Fresno seeks hope for homeless

Every night about 600 men and women in Fresno make their beds under bushes, highway overpasses, in cardboard boxes or at homeless shelters. Helping each chronically homeless person can cost local governments as much as $100,000 annually, says the Fresno County grand jury.

A report made public Tuesday by the grand jury, a government watchdog body, said efforts to house and help the chronically unsheltered homeless are piecemeal and costly. The city and county of Fresno need to do more to provide housing and services to the homeless who live outside every day, it concluded. Government agencies pay for temporary shelter, food, medical help and law enforcement and court costs, the report says. The grand jury, which based its report on interviews with local officials and news accounts, took the $100,000 cost estimate from reports by other cities.

Larry Arce, executive director of the Fresno Rescue Mission on G Street in downtown Fresno, has not read the report but thinks the $100,000 figure "is about right" locally.

The costs mount night after night, Arce said, to operate the Rescue Mission, pay staff, feed the homeless and give them showers and beds.

Living on the street takes a physical toll as well, Arce said. Many people living without shelter often need treatment for hepatitis, tuberculosis, diabetes, AIDS and mental illness.

The Rescue Mission, Poverello House, Marjaree Mason Center and Evangel Home coordinate well in providing services to the homeless, Arce said, but government agencies could be doing a better job.

"What the problem is, there's not a comprehensive plan. They really don't know the situation well enough to know what needs to be done. Those of us in the trenches know what needs to be done."

Chronically homeless people and families need more than housing, services and mental health care, Arce said. Many also need education to make them employable. Of 90 men currently in the Rescue Mission's recovery program, 17 cannot read, he said.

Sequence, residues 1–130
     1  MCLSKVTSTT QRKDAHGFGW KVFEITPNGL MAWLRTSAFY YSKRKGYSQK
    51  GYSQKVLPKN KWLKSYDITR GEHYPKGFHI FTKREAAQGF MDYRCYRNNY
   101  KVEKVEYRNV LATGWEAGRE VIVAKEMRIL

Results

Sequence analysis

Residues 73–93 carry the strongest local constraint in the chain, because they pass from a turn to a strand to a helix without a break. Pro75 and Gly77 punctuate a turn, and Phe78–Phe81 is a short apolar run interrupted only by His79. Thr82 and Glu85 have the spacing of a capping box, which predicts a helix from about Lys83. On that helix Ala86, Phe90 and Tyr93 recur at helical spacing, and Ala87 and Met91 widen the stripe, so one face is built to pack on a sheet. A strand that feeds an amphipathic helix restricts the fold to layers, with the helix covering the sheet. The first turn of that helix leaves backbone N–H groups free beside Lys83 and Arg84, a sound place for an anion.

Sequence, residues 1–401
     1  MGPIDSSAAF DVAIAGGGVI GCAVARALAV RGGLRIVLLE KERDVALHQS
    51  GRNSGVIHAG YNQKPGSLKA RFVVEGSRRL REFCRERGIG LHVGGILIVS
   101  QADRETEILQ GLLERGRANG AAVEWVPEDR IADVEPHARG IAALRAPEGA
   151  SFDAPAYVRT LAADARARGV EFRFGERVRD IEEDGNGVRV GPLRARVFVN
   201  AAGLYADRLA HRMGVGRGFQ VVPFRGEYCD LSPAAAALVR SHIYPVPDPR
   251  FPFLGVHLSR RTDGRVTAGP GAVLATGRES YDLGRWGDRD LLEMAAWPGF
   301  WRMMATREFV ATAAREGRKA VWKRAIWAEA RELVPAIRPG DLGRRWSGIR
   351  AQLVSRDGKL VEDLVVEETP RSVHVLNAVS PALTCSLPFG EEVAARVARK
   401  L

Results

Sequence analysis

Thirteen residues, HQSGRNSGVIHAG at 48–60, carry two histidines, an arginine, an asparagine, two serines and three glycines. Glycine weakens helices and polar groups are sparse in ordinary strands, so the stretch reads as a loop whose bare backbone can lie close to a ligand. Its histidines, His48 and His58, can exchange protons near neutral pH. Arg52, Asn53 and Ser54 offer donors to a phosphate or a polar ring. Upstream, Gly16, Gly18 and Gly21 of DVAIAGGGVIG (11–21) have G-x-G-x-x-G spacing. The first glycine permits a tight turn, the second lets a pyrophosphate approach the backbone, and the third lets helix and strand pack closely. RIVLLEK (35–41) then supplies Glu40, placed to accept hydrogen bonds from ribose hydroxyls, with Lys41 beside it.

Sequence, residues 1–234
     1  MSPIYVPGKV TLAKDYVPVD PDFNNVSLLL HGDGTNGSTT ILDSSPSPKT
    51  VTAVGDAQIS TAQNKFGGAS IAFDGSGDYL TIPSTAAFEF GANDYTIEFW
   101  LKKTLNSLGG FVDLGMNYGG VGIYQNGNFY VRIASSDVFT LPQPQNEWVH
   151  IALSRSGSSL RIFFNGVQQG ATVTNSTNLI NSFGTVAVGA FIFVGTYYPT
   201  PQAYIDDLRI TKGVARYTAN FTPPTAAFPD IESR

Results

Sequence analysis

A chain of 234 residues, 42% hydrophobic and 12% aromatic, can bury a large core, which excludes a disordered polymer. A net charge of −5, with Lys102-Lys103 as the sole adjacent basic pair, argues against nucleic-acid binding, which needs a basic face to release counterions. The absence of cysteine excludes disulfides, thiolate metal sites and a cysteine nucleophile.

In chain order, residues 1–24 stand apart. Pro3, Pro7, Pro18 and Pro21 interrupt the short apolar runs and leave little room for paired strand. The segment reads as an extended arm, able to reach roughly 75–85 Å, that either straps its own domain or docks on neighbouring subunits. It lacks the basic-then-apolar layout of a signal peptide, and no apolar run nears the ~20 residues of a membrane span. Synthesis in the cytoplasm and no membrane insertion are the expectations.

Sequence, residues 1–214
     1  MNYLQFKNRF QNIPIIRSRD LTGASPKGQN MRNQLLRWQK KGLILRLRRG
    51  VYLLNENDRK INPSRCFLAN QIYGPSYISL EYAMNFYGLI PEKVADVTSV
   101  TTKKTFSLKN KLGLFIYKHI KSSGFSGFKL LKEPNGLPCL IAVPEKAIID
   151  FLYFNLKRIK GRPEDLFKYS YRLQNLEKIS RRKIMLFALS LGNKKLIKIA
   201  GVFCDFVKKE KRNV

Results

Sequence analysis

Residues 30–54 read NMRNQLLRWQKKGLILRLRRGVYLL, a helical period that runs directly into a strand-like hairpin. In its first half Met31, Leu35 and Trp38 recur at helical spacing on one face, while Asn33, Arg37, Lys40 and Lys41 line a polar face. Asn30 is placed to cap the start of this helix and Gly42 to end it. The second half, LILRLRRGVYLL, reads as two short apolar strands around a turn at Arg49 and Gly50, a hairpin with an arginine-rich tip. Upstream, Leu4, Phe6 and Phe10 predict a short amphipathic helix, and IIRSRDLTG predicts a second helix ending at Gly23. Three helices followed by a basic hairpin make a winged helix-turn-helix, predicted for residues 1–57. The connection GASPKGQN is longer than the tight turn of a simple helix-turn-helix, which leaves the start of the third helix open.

Local officials say more solutions to help the homeless are in the works. In January, the Fresno City Council and county Board of Supervisors approved forming a joint task force to spend about three months crafting a 10-year plan to combat homelessness.

"I think we've turned the corner. We're not looking at Band-Aids anymore," Fresno City Manager Andy Souza said. "What we're excited about is working with the county on a comprehensive plan, which we haven't had before."

Souza said the 10-year plan will address the grand jury's four recommendations to the city and county.

Those recommendations, which are not binding, include providing an annual report on the cost of local homelessness, coordinating homeless services, creating permanent transitional housing for the homeless and expanding an online listing of resources for the homeless.

The task force will look at homelessness plans developed by other cities in formulating its own plan, said Bart Bohn, Fresno County administrative officer.

"These are complicated issues and there won't be simple solutions," said Bohn, who had not yet read the report.

"The question is, do we continue to serve the homeless in the way they are surviving on the street, or focus our resources on keeping people from becoming homeless," Bohn said.

The grand jury says nonprofit agencies in Fresno and Madera counties help about 8,000 homeless people annually.

Supervisor Henry Perea said the Board of Supervisors on Tuesday approved an agreement with the county's housing authority to develop a plan to begin spending $6 million this year on housing for the mentally ill and homeless.

Providing housing may reduce the cost of services to the homeless. The grand jury suggested the Housing First program developed in Boston, Mass.

The city of Portland and Multnomah County in Oregon began a 10-year plan to combat homelessness in 2004 using the Housing First model. More than 1,500 chronically homeless people have moved into housing since then, said Heather Lyons, homeless program manager for Portland.

"It's not so much that costs have gone down, but there are appropriate use of services," Lyons said, such as seeing a doctor instead of seeking medical help in emergency rooms.

Cynthia Sterling's Fresno City Council district covers downtown Fresno, where most of the city's homeless live. She said the first step to ending homelessness is providing good quality housing with running water, a bathroom, heating and air conditioning.

"The thread that binds all of this is housing first and then services," Sterling said.